Treasury Finalizes Anti-Tax Shelter Regulations
"By issuing final regulations, we are putting the promoters that sell questionable transactions and the taxpayers that participate in them on notice." These words, spoken by Pam Olson, assistant secretary for tax policy at the U.S. Treasury, mark the start of a new hunting season on tax shelters.
Last Thursday, the Treasury Department issued final regulations that require additional disclosure of tax shelter activities. It is estimated that questionable tax shelters may cost the government as much as $10 billion each year.
The regulations list six categories of potential tax shelter/tax avoidance schemes that must be disclosed:
- Transactions that the IRS has designated as tax shelters
- Transactions that are characterized as confidential
- Transactions that are accompanied by a contractual obligation such as those with guaranteed tax benefits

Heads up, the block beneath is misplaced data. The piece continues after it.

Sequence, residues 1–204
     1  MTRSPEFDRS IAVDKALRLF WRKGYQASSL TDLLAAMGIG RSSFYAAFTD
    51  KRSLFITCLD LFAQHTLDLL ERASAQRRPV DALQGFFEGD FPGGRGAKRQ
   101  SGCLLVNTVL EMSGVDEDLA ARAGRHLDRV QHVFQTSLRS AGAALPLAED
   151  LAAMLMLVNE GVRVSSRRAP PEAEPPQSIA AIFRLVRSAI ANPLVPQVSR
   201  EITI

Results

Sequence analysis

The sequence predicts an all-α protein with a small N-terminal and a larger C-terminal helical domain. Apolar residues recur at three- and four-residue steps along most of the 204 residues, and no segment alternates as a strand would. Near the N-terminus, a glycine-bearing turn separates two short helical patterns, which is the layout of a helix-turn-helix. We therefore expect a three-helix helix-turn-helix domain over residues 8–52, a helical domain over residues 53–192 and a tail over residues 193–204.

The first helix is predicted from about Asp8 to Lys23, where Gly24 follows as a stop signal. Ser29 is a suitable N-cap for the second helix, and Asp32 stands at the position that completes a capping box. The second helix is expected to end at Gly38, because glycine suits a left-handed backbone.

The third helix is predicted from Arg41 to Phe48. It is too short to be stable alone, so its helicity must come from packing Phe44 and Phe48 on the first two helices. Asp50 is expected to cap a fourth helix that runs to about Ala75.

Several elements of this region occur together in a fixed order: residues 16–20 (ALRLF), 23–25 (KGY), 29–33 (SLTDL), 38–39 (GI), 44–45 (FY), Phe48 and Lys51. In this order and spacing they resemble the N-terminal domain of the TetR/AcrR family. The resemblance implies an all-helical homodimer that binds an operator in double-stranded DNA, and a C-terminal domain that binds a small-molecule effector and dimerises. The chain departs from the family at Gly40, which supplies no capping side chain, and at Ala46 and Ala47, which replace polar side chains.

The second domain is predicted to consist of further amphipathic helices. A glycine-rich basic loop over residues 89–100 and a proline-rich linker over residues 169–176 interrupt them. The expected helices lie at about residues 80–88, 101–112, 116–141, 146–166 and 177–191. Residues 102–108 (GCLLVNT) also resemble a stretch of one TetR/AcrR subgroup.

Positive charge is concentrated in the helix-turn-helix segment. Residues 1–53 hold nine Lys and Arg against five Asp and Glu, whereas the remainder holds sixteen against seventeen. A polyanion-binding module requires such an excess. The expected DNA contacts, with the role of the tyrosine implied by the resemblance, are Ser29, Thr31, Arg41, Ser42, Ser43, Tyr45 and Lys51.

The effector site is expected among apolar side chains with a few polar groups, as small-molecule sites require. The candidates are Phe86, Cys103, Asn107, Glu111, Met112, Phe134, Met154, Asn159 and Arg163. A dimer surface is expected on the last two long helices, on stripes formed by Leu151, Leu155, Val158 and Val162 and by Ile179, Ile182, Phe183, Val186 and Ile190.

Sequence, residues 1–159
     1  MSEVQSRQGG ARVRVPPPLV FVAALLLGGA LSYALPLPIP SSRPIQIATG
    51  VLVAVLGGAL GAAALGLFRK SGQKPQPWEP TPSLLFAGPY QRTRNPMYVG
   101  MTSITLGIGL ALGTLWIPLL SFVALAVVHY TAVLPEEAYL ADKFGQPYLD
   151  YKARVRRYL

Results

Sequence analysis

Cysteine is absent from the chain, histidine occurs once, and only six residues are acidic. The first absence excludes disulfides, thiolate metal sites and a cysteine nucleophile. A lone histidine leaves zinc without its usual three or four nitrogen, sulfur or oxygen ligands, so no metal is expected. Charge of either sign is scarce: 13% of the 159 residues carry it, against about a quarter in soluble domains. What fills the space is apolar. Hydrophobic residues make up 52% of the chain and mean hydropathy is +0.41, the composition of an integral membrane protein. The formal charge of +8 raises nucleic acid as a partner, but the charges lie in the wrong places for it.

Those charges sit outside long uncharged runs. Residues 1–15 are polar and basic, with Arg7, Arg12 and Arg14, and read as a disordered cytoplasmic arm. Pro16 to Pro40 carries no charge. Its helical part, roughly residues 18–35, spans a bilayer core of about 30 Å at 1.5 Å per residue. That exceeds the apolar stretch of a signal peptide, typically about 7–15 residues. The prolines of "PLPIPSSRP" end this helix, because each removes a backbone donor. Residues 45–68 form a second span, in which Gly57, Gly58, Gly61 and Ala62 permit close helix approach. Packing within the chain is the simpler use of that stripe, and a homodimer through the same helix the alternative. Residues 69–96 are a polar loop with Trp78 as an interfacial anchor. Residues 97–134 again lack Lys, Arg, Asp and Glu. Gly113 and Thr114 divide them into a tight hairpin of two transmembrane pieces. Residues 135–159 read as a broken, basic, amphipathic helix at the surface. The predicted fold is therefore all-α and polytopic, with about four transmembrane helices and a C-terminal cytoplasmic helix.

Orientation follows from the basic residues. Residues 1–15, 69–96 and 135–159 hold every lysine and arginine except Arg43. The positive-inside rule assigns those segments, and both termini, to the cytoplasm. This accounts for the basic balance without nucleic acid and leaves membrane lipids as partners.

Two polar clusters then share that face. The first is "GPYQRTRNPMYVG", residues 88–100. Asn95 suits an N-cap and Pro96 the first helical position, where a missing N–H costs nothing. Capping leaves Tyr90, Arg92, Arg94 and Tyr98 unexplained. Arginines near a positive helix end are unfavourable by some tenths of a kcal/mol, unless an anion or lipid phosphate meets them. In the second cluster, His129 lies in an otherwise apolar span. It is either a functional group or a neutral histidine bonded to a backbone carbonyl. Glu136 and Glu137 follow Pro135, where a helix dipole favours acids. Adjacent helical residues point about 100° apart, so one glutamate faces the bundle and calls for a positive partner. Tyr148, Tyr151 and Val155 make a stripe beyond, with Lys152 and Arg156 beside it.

- Transactions that generate a tax loss exceeding certain amounts
- Transactions that produce a book/tax difference of more than $10 million
- Transactions that generate a tax credit where the underlying asset is held for fewer than 45 days
Ms. Olson also indicated she is confident Congress will authorize steep penalties for failures to disclose the types of transactions covered by the regulations. Speculation is that penalties will be as high as $200,000 for both tax shelter promoters and participants.
The new regulations are effective Friday, February 28, 2003. You can read the complete text of the new regulations.
Voice of the Editor
Which isn’t completely true. I mean, occasionally I drop by when I manage to sneak out of the nonstop frat party over at Going Concern, but I’m mostly a wallflower over there. I’m happy to say that I’ve been given express permission (or explicit orders, if you like) to wander over here to AccountingWEB more often.
Why is that, you might ask? My job is to replace the irreplaceable Gail Perry as Editor-in-Chief. What does that mean? I don’t really know! I think it’ll be fun getting a feel for things, throwing in my own thoughts here and there, and listening to the discussions you’re having about the accounting profession.